Federal judge: You ‘better’ have a long-term plan, he tells county

Judge praises Allen County Sheriff and his team

FORT WAYNE, Ind. (WANE) – Condemning the indifference in Allen County, a federal judge on Thursday made no secret of his displeasure with Allen County commissioners who were unable to produce a plan to term to build or replace the downtown jail where overcrowding and understaffing have led to inhumane conditions.

“I’m really interested in the long-term plan,” Judge Damon R. Leichty told county attorneys Ted Storer and Laura Maser. A report expected on July 14 “better to include the long-term plan”, he added.

Leichty was in town for a status hearing at the downtown federal courthouse where attorneys for Allen County Sheriff David Gladieux and commissioners were ordered to appear after setting conditions in a notice of the court on March 31. Leichty sided with the ACLU and Allen County inmates who sued the county in January 2020 over the conditions and lack of security.

Sheriff David Gladieux (right) and Deputy Chief of Operations Gary Grant.

“If you think I’m just going to sit here and wait, I’m not,” Leichty told county prosecutors who had hoped to push back compliance for 90 or 180 days.

Ignoring calls to spend more time getting it right and getting environmental studies of possible sites for a prison complex, Leichty gave the county two weeks to convene a committee to help find short-term solutions. and long term and a month to choose property and hire an architect.

Another status hearing is scheduled for 10:30 a.m. on August 25. That day, Leichty could hear from the activist group Help Not Handcuffs, which filed an amicus curiae brief on Thursday.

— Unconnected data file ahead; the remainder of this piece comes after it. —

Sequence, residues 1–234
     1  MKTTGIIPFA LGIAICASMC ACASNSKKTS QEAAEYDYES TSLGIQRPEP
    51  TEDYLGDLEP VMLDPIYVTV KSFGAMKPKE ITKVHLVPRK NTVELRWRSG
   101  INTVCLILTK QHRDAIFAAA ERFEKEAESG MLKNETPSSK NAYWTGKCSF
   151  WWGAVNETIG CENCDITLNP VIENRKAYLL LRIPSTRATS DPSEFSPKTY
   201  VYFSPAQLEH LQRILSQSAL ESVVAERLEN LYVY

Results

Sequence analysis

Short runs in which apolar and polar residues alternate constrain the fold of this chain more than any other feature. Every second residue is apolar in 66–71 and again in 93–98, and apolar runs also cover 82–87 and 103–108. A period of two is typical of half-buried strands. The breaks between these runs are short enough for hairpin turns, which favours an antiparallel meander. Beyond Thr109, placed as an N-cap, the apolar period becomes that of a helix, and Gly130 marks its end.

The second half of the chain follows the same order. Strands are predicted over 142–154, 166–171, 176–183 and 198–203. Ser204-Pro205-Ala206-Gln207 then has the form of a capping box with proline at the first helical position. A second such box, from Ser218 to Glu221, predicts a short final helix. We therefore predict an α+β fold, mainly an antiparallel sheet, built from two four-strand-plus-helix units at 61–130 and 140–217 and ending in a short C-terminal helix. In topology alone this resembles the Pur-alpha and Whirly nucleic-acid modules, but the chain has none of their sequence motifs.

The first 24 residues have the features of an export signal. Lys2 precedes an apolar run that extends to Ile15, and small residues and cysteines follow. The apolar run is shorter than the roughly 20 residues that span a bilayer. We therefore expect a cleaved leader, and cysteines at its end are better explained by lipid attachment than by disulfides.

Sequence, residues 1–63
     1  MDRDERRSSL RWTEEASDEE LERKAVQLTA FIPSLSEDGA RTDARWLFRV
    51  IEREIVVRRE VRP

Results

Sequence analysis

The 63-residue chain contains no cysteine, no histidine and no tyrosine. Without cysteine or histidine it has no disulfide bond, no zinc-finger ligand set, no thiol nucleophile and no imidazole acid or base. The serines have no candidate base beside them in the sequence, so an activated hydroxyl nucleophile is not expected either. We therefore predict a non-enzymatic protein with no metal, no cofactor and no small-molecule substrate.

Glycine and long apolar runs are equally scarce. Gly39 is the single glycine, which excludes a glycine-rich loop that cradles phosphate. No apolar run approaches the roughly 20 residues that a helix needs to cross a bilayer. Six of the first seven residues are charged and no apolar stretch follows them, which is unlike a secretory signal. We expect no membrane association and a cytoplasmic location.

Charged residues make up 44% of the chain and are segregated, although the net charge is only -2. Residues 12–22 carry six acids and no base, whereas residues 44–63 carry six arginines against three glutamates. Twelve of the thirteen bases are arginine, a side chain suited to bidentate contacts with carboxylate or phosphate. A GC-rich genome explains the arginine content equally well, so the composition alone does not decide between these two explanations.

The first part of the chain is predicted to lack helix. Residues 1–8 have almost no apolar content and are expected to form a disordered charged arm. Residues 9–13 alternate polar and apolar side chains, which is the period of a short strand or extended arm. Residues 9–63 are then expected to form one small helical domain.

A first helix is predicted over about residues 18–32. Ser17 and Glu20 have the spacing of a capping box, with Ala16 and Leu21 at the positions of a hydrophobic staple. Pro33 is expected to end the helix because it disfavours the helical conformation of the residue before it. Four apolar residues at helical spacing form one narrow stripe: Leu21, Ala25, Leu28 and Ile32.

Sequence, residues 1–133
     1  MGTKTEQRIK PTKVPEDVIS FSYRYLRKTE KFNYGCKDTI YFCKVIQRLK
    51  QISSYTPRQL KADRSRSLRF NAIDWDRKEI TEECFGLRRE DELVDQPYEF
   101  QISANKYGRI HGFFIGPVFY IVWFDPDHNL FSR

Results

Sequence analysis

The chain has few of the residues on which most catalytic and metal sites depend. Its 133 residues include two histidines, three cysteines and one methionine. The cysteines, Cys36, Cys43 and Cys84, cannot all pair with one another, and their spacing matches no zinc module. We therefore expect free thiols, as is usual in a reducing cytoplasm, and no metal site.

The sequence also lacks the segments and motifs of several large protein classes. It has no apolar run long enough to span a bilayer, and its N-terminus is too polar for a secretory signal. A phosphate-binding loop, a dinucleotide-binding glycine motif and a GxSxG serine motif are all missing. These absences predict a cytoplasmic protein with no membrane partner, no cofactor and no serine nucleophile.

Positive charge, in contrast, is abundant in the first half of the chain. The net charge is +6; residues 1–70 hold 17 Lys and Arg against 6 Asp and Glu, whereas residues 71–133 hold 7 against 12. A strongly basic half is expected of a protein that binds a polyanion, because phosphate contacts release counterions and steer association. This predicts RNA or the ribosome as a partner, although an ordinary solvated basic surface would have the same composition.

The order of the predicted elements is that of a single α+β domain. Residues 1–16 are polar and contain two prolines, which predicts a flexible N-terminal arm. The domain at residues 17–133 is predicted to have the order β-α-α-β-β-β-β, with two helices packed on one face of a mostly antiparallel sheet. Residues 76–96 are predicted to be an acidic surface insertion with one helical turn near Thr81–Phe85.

“The deadline was pretty clear set by my order,” Leichty said with some exasperation. Asking the lawyers when they had previously visited the prison, he barely waited for their response, remarking that if they had experienced those conditions they would have acted “quite differently”.

Turning his attention to Ken Falk, the ACLU’s legal director, he said the words “contempt of court” reiterated by Falk.

Falk said the plaintiffs — in this case, Allen County inmates and the ACLU — wanted specifics.

“I don’t want to see ‘we can do this, we can do that,'” Falk said. After the hearing, Falk, flanked by two interns and ACLU attorney Stevie Pactor, criticized the county’s efforts.

“The county was saying today that it didn’t know when it would have an architect, it didn’t know when it would have land, it didn’t know when it would have a final plan. Well, the county had plenty of time to figure that out,” Falk said.

Contrary to what he had to say about the county, its commissioners, and the county board responsible for jail and staff pay, Leichty praised Sheriff David Gladieux.

The number of detainees fell from an average of around 800 detainees to 680 on Thursday. Inmates sleeping in “boats” on the floor were reduced from a maximum of 150 at any one time to 23 on Thursday and inmate recreation hours were scheduled three times a week for inmates. who are eligible.

“The sheriff is often the entity least responsible” for reducing the prison population. “He can’t open the back door,” Falk said.

Leichty watched Gladieux seated between Deputy Chief David Butler, the Allen County Jail Commandant, and Allen County Commissioner Nelson Peters.

“I want to congratulate Sheriff Gladieux and his team,” he said. Even with progress in easing the problems at the prison, staffing continues to be an issue, especially with hiring people to do difficult work in a semi-rundown facility.

Sheriff’s attorney John Feighner said Gladieux secured funding from the county council last year to add 10 more containment officers to bring the total to 144, the department missing 17.

Therefore, the sheriff must come up with a plan to hire these officers, which Gladieux said he would be able to do.

As he left the meeting, Peters looked worried. When asked if county commissioners and stakeholders would be able to provide the report on the judge’s order, Peters initially replied that he didn’t know.

“It doesn’t look like we have a choice,” he added.

Michael J. Chiaramonte